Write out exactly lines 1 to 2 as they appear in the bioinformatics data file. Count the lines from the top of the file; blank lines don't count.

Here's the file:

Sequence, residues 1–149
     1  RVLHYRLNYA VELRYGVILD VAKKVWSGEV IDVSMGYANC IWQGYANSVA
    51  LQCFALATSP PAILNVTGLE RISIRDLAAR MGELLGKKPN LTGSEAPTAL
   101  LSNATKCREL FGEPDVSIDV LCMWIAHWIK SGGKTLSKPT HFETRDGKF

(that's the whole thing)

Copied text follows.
Sequence, residues 1–149
     1  RVLHYRLNYA VELRYGVILD VAKKVWSGEV IDVSMGYANC IWQGYANSVA